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Most children are very capable of squabbling about almost anything and, so it seems, are hippos and birds. In this charming book, this extremely unlikely pair continually argue about what each should wear to Bird-Hippo FairyTale Fancy Dress party but they do both agree on one thing - neither wants to be a pea! Will they ever be able to resolve the argument?
Hugo is a hippo and Bella is a bird and they belong to each other because all hippos have birds and all birds have hippos. They are all set for a very special night as they get ready to attend the very exciting Bird-Hippo Fairytale Fancy Dress Party but first they need to decide on what costumes they will wear in order to go as a pair. Hugo's first suggestion is that they should go as the princess and the pea but Bella does not want to be a pea because it is too small and green. She suggests that they go as a mermaid and her rock, but this time Hugo objects to being the rock as it is too grey and blobby. They continue in this way making and rejecting suggestions until it looks as if they have reached a stand-off with neither willing to give in. This situation makes both Bella and Hugo miserable though so at last they agree to a rather surprising and ingenious solution and end up having great fun at the party after all.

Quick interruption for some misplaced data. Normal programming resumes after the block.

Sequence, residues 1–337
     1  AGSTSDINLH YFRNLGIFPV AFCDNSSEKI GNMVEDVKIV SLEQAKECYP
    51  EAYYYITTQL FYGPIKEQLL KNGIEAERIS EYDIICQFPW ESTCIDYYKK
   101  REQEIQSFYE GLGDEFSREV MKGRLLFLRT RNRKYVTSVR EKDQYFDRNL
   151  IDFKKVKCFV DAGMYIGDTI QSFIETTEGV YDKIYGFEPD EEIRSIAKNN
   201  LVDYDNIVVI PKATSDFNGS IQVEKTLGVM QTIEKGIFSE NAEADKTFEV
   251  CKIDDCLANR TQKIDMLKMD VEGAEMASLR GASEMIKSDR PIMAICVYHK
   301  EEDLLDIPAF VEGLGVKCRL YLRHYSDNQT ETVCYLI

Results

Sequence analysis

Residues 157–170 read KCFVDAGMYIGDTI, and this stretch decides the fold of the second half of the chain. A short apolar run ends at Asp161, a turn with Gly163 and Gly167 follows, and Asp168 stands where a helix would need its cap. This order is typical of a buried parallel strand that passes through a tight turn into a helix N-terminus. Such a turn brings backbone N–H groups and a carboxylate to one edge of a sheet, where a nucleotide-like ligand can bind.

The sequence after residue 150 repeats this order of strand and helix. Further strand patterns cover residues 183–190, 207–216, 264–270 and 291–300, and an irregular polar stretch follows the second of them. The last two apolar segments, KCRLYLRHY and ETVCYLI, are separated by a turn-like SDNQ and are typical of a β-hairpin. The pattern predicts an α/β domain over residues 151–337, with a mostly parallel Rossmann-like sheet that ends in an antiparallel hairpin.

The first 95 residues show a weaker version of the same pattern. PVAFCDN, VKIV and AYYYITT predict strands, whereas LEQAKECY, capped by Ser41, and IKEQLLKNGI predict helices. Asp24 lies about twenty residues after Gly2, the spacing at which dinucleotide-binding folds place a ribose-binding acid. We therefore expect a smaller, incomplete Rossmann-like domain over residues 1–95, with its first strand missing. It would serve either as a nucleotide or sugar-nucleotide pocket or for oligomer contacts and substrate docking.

I read this book with my daughters and we all found it highly entertaining and amusing. It is written in a clever way that takes the form of an argument between the two characters. I couldn't resist telling my daughters that it reminded me of them when they were squabbling too! I am sure that most parents will recognise at least a little of their children in the story as the author, Ann Bonwill, has imitated the way children squabble perfectly. It is easy to tell who is speaking as each speech is accompanied by a wonderful illustration that shows perfectly what either Bella or Hugo is thinking. Also the font changes depending on which character is speaking. It is a fabulous book for reading aloud and having fun varying one's voice depending on whether Bella or Hugo is speaking. Alternately, it is great for sharing the reading with your child, with each reading a different character's responses.
Simon Rickerty's simple but very funny illustrations might suggest that this book would be most suitable for very young children. However, don't be deceived, as I am sure that older children will really love the humour in this book. I think that it is a useful book too and could provide a talking point about how to resolve arguments and how often both sides have to compromise which is ultimately what happens in the book.
'I don't want to be a pea!' is a brilliantly funny book to share with children and both my daughters really recommend it.
I Don't Want to be a Pea! is currently available on Amazon in hardback for £6.15.
This review has previously appeared under my name at www.thebookbag.co.uk